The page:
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Bad Housemates Cost Brits Up To £552 Each Year, Study Finds

Bad Housemates Cost Brits Up To £552 Each Year, Study Finds

If you're someone who has a bad flatmate - and we've all had one, haven't we? - then you could end up £552 out of pocket each year as a result of their refusal to pay their way.

It should be pointed out, if you've not had a bad flatmate that is guilty of at least a few of the traits outlined in this article, it's probably you.

Anyway, this news comes from a piece of research performed by Barclays bank, who found that the cost of roommates failing to pull their weight is worth about £434 million each year in the UK.

In fact, more than half of house sharers in Britain (54 percent, to be precise) say that they're worse off as a result.

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The other 46 percent are presumably living it up by being lazy and not paying their full share, right?

However, it's a smaller - but not insignificant - number that say that they've actually taken the fight to their flatmates never chipping in for the essentials such as toilet paper, tea bags, or milk.

Credit: Pixabay
Credit: Pixabay

31 percent claim they've piped up about it, and 27 percent say they've lost their rag with flatmates when they fail to keep up with the bills on time.

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Zainab Kwaw-Swanzy, from Barclays, said: "Living with others can be tough - something that lockdown certainly heightened for many people across the UK."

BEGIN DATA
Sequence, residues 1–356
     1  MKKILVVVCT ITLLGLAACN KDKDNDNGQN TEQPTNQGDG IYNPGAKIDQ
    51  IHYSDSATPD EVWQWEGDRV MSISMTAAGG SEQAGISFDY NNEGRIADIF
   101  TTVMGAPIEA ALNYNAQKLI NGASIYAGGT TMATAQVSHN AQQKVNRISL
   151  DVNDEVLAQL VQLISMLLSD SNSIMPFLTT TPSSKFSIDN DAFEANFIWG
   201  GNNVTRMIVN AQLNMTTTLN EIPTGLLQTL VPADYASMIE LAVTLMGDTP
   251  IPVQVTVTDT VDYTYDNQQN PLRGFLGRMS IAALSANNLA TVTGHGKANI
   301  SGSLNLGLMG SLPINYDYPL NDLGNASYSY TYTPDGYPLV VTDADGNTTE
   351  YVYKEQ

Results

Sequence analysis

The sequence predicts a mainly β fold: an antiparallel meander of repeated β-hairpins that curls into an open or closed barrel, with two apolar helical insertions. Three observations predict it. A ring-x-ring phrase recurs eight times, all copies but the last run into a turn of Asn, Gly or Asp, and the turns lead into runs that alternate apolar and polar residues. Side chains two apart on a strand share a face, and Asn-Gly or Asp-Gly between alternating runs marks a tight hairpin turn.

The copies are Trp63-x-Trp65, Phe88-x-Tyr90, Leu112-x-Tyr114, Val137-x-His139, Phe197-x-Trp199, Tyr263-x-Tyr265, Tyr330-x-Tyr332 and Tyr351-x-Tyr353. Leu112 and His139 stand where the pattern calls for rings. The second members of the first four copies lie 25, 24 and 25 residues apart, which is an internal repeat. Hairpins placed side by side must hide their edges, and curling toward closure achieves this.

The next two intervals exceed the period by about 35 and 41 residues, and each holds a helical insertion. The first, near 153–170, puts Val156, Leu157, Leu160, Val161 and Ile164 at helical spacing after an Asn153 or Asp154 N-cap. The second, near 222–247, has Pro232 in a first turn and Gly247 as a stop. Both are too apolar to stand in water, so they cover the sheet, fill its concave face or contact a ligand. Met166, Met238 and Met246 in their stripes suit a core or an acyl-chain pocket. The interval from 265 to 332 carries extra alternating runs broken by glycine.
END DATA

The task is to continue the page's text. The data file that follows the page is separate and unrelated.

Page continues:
Their piece of research also found that people won't actually take anyone to task about these things until they are £46 out of pocket.

As well as that, it can take around half of the people surveyed up to a month before things are actually mentioned.

When things do come to a head, 51 percent of folks prefer to tackle the issue face-to-face, but 44 percent feel it's easier - if less personal - to send a message via WhatsApp or a text.

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Of course, 19 percent of people feel that the best way to express their concerns is with a sticky note somewhere around the house.

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That'll teach 'em, right?

Money isn't the only issue in the shared house, though.

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35 percent reported that housemates not clearing up after themselves as a big concern, and 35 percent said stealing food without asking was their biggest peeve.

There's all sorts of other concerns such as inviting friends over without asking, hogging the telly, and - of course - poor bathroom habits, that all rank fairly highly on the list of niggles.

Credit: Pixabay
Credit: Pixabay

So, what can you do to assuage the rage?

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Relationship expert Jo Barnett explained: "Maintaining positive relationships is a huge part of our overall happiness - especially with those you see day in, day out, such as your flatmates,

"My simple tips for how to live in household harmony will help keep rows with your roomies at bay."

She suggests setting house rules, having a separate house kitty, discussing issues face-to-face, and simply trying to be nice to each other.

She also suggested setting up a house tournament to reward people who do good things for the house, but - honestly - who is going to want to do that?

Just don't be a slob and pull your weight, folks.

Featured Image Credit: NBC

Topics: UK News, Money, Weird

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Tom Wood

Tom Wood is a LADbible journalist and Twin Peaks enthusiast. Despite having a career in football cut short by a chronic lack of talent, he managed to obtain degrees from both the University of London and Salford. According to his French teacher, at the weekends he mostly likes to play football and go to the park with his brother. Contact Tom on [email protected]